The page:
03 April 2015

MICF: Hannah Gadsby, Donkey

Donkey
Hannah Gadsby
a Token Event
29 March 2015
Melbourne Town Hall, Supper Room
to 19 April
comedyfestival.com.au

Hannah Gadsby

A few days after seeing Hannah Gadsby's Donkey, I'm still thinking about it. The dishes that I didn't do before going out to see her are still there, and I'm still in awe of how she finds the spot where wanting to cry becomes needing to laugh so deeply that it makes you feels better about something you hate about yourself.

When I first saw Hannah, she was doing palindrome jokes about her brother Kayak and showing us where she lived on her map of Tasmania – I loved her. Over time, her work has become more personal and she's told stories that have reached the hearts of everyone who sees her.

She says at the beginning of Donkey that's she's always amazed to see a room full of people wanting to see her. People want to see her because she lets us share her experiences and discover that no matter how different we are, that we have far more in common then we ever thought.

For me, it was the dishes. Today, I'm writing rather than doing them. I WILL do them at the end of this review. I have a plan. I have done them in the last 19 days (Hannah's record) but I know I've gone longer. And it was the last-minute panic-cum-do-something-fundamentally-useless-and-time-consuming before catching a plane. Hannah once decided to pair her socks up rather than pack. I recently spent a couple hours trying to fix my printer when I didn't need to print anything because all the details were on my phone. The printer's still not fixed and I paid for extra baggage rather than pack properly.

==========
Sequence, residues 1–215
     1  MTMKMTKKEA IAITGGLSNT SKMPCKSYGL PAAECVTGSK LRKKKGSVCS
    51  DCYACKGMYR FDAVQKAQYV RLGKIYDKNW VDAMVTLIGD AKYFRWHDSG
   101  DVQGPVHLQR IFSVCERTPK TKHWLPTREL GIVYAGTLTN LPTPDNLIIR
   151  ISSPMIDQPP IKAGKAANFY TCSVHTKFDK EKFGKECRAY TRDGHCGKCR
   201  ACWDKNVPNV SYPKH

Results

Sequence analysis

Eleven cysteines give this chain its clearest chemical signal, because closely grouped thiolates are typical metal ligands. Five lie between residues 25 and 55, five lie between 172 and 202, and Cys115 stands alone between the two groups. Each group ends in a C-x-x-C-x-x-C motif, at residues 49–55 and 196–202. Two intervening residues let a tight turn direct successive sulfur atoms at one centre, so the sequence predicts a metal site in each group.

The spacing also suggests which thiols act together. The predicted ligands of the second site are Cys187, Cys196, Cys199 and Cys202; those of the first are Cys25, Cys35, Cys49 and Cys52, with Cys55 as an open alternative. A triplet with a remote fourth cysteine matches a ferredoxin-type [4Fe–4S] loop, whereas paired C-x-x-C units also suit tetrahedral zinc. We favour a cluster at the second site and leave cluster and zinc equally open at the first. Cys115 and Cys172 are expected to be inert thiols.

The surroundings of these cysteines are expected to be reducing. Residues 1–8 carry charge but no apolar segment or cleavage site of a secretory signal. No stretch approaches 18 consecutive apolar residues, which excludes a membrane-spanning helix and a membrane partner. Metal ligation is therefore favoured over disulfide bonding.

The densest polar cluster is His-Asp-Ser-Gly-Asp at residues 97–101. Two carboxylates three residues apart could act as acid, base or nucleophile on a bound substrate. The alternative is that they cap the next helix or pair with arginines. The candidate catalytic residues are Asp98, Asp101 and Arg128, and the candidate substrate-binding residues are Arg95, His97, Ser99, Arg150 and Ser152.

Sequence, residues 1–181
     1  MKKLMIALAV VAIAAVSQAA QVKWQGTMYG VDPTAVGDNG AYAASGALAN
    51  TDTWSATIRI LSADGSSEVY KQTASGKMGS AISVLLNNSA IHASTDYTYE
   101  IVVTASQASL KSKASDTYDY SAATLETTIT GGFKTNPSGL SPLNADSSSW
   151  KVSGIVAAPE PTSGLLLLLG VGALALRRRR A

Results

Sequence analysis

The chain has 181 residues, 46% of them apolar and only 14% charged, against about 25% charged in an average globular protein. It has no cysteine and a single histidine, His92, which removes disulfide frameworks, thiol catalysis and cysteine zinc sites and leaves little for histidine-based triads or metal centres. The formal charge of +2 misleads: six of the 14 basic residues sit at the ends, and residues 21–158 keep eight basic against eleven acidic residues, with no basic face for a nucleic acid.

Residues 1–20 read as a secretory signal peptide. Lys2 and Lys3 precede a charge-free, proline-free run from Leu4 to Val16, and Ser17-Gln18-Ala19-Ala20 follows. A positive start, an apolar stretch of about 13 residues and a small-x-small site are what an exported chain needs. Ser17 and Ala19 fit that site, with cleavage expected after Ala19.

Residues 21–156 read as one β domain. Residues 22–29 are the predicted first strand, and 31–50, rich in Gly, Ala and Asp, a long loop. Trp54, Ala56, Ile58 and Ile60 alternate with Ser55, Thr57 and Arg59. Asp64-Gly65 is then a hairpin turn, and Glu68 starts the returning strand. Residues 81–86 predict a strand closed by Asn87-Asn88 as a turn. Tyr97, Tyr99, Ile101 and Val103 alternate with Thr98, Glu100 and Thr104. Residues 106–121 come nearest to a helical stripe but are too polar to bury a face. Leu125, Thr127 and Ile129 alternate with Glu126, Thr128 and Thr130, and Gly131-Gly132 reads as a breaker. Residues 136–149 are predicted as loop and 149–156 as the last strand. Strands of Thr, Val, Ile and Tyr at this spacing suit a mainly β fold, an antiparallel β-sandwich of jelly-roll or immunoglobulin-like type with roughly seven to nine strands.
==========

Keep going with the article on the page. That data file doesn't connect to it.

The donkey in her show is Hannah. It starts when she hates the barista at her nearest coffee shop. She keeps going because it's the nearest. He's the type of person who, she knows, thinks he's better than she is. He's a dressage horse, she's a donkey. It's about feeling so out-of-step with the rest of the world that it's easier to stay inside with mounting dishes. And it's about her finding out that her diagnosis of depression was wrong.

So was mine. The symptoms of depression are broad but specific. If you have the broad symptoms, please have a professional check the specific.

It's also a show about winning and getting things right and knowing that of course a unicorn will love a donkey, because donkies are gorgeous and loving and so much more fun than a smarmy horse.

All of this is rolled up into a tightly written, beautifully structured piece that lets stage Hannah bring enough of real Hannah with her and leave them both safe and loved.

Hannah Gadsby is simply one of the best stand-up comedians around.

Now I'm going to go and do some dishes.

There's also a version of this on aussietheatre.com.au.

No comments:

Post a Comment